Quizzing is a game which tests your knowledge in various areas. It’s simply a matter of answering questions thrown at you. Obviously, the more you answer, the more you will score. I have been asked many questions at various quizzes. Yet, when I was asked why I take part in quizzes, I was searching for an answer. With a fair bit of brainstorming, I came up with some answers. However, this may not be a complete list.
Anyone with a fair bit of intelligence can take part in quizzes. But, not all intelligent people are good quizzers and all quizzers are not having a born talent for it. Also, even though practically any sane person can participate in quizzes, it is hard to find a really good quizzer. The main reason is that to be a successful quizzer you have to have a passion for it.
What factors kindle the passion for quizzing? There can be several. Sir Francis Bacon stated one such factor, although not in the same context, in 1597, when he said “knowledge is power.” A knowledgeable person has self confidence and is ready to face the challenges of life. It may help them in their careers and even personal lives. On a personal note, the fact that I have some general knowledge has helped me in numerous competitive exams. General knowledge has become a part of our life.
Obviously, the competitiveness drives a quizzer to take up the challenge. It is also about social interaction. How good it is to interact with different people from different walks of life and yet have a common passion for quizzing? To compete with them and win will be an aspiration which drives on any serious quizzer. The excitement one feels after winning an open quiz or a school level quiz is matched only by a similar success. A success at an open quiz will have some financial benefits. But the recognition, fame and all other perks resulting from a victory will drive any quizzer towards that goal.
However, the most important factor which drives on many quizzers including me is the fun of it. Of course, it is hard work. But, interacting with colleagues, studying, inquiring, discussing, challenging each other, celebrating success, recalling the blunders we made over the years, contemplating the future strategy after a failure are all part of quizzing and part of the fun. Winning is fun. That excitement is worth all the hardship that goes to quizzing. But, even if he or she does not succeed, a passionate quizzer will never lament. At the end of the day, the knowledge we acquire and the fun we have are worth a fortune.
Friday, September 14, 2012
The 2012 London Paralympics generated unprecedented interest for the Games in five countries for a reason of their own. Athletes from Chile, Ethiopia, Fiji, Sri Lanka and Uzbekistan won their first ever Paralympic medals, thereby making history in their countries. Interestingly, all the five athletes were men.
On September 3, Christian Valenzuela, a 29 year old, visibly impaired athlete from Chile, took part in the T11 1500m final and missed a medal by a whisker. But, four days later, he competed in T11 5000m final and comfortably won it with a time of 15:26:26, a personal best. T11 events are for athletes with serious visible impairments and they use a guide to compete. Valenzuela's guide was Christopher Guajardo. (watch the video here) This was a welcome medal for the South American nation which had failed to win a medal at the 2012 Summer Olympics.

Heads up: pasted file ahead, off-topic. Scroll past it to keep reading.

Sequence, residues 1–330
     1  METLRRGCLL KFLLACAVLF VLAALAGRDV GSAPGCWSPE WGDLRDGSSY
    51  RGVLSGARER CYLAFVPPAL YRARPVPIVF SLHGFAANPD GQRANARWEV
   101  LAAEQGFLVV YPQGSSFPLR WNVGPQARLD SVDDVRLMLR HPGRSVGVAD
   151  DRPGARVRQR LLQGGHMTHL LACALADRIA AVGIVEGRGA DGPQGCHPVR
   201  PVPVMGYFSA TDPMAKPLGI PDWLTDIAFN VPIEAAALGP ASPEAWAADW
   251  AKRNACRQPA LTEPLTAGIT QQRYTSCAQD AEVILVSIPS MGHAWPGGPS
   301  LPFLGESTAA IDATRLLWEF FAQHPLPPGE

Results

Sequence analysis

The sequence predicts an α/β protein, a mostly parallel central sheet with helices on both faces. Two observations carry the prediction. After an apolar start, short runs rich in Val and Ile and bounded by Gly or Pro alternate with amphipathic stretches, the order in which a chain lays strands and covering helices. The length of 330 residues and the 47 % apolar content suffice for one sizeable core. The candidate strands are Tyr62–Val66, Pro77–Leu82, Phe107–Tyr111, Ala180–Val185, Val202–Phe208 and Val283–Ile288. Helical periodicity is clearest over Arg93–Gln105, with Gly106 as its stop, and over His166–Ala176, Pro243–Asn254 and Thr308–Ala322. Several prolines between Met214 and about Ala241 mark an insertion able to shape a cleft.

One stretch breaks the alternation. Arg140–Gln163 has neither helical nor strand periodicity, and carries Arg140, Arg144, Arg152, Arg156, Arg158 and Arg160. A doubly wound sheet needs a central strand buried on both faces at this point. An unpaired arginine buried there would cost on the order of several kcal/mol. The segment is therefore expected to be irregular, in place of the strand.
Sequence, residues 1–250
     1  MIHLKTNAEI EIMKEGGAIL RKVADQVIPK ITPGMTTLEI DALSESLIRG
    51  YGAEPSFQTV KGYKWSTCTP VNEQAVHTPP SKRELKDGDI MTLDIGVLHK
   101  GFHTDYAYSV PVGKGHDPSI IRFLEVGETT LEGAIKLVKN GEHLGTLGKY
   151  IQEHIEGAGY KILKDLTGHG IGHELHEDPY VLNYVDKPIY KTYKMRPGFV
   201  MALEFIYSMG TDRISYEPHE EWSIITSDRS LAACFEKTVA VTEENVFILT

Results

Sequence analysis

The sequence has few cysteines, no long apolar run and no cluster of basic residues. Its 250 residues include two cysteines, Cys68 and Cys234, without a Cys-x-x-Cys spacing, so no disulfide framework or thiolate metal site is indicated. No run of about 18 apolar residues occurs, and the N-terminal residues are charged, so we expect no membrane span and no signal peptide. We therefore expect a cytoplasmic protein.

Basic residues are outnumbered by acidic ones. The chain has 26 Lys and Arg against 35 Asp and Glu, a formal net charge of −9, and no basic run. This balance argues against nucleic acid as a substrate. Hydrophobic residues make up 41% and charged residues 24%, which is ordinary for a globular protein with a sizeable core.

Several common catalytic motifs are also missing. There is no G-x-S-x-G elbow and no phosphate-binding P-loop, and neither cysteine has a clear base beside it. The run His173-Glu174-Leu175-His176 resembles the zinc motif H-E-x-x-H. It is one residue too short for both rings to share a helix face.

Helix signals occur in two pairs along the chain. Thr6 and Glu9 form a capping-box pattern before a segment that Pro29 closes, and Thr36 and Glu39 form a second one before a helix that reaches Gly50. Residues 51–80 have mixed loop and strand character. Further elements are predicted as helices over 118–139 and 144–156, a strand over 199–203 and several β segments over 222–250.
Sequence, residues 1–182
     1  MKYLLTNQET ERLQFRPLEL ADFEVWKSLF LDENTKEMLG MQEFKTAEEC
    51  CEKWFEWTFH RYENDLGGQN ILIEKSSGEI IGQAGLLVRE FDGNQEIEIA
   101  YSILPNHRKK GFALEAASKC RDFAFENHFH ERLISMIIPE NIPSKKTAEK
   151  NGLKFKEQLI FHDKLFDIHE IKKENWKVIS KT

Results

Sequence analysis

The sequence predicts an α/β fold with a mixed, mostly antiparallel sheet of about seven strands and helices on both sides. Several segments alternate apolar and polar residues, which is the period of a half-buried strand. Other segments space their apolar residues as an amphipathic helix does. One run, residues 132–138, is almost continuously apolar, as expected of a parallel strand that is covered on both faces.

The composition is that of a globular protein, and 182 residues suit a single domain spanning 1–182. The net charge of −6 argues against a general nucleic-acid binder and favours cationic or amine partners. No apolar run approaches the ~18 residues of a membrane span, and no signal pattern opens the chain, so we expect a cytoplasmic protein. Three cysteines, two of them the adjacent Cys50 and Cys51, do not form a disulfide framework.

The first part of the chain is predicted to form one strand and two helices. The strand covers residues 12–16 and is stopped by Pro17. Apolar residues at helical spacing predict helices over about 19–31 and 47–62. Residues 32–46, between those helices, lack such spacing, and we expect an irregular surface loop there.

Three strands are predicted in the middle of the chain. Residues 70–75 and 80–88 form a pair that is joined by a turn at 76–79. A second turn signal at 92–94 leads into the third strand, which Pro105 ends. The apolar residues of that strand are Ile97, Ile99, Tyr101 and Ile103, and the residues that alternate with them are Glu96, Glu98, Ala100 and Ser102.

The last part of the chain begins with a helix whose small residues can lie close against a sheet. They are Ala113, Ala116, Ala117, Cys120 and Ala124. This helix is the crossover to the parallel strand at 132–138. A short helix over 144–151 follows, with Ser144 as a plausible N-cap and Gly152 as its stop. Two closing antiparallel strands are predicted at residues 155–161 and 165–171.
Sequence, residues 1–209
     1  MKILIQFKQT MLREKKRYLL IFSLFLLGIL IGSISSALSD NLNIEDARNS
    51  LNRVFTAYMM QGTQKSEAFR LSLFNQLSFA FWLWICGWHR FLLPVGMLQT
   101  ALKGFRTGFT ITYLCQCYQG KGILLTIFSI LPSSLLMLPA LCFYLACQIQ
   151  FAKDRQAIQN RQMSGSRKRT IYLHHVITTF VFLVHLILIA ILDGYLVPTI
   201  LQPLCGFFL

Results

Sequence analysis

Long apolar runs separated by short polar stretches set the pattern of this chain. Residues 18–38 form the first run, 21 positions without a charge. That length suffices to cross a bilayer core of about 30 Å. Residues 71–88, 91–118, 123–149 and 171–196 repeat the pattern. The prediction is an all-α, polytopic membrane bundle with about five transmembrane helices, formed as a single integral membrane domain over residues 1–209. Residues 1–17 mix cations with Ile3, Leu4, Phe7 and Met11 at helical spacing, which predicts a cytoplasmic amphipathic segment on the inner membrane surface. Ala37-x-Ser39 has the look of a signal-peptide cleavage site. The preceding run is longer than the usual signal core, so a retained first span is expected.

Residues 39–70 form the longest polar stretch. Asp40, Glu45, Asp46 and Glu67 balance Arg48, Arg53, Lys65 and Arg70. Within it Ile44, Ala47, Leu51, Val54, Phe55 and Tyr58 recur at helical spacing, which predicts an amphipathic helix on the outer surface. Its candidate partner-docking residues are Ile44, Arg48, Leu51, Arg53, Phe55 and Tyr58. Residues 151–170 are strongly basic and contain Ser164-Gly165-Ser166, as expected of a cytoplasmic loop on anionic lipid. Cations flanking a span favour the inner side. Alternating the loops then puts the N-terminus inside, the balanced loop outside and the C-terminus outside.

If Chile can be proud of her athlete, the Fijians can be doubly proud. As the Fiji Times reported, Iliesa Delana, a 27 year old athlete from their small island state "jumped into history" when he won the F42 high jump event. In his event, he jumped 1.74m with one leg, recording a personal and regional best. This was the first ever medal for any Fijian in any Olympic Games, not only the Paralympics. Also, it was the first gold medal in Paralympics for any South Pacific nation. "I am deeply honoured and like many here today to speak on all our behalf in thanking Iliesa Delana in his outstanding performance in winning a gold medal in the 2012 Paralympic Games in London," President of Fiji, Ratu Epeli Nailatikau could state with no hesitation.
Ethiopia has always been a notable nation in middle and long distance races in athletics. However, they have been conspicuously absent or has been a low key participant in Paralympics. Although they started taking part in Paralympics in 1968, they have been absent more than they were present in the Games. Even when they arrived, they fielded one or two athletes only. In 2012, they fielded four athletes including a female athlete. Wondiye Fikre Indelbu, a 24 year old T46 middle distance runner from Ethiopia, won the silver medal in the men's T46 1500m race to give his country the first ever Paralympic medal. We can hope that Ethiopia will be a more active participant in the Paralympics in the future.
Sri Lanka's Pradeep Sanjaya, an Army soldier wounded in late 2008, won the bronze medal for the men's T46 400m event giving the island nation its first Paralympic medal. Sri Lanka has performed commendably in the Asian level but this was their first success at the Paralympic level. (If you have not read my post on Pradeep Sanjaya, you can do so from here)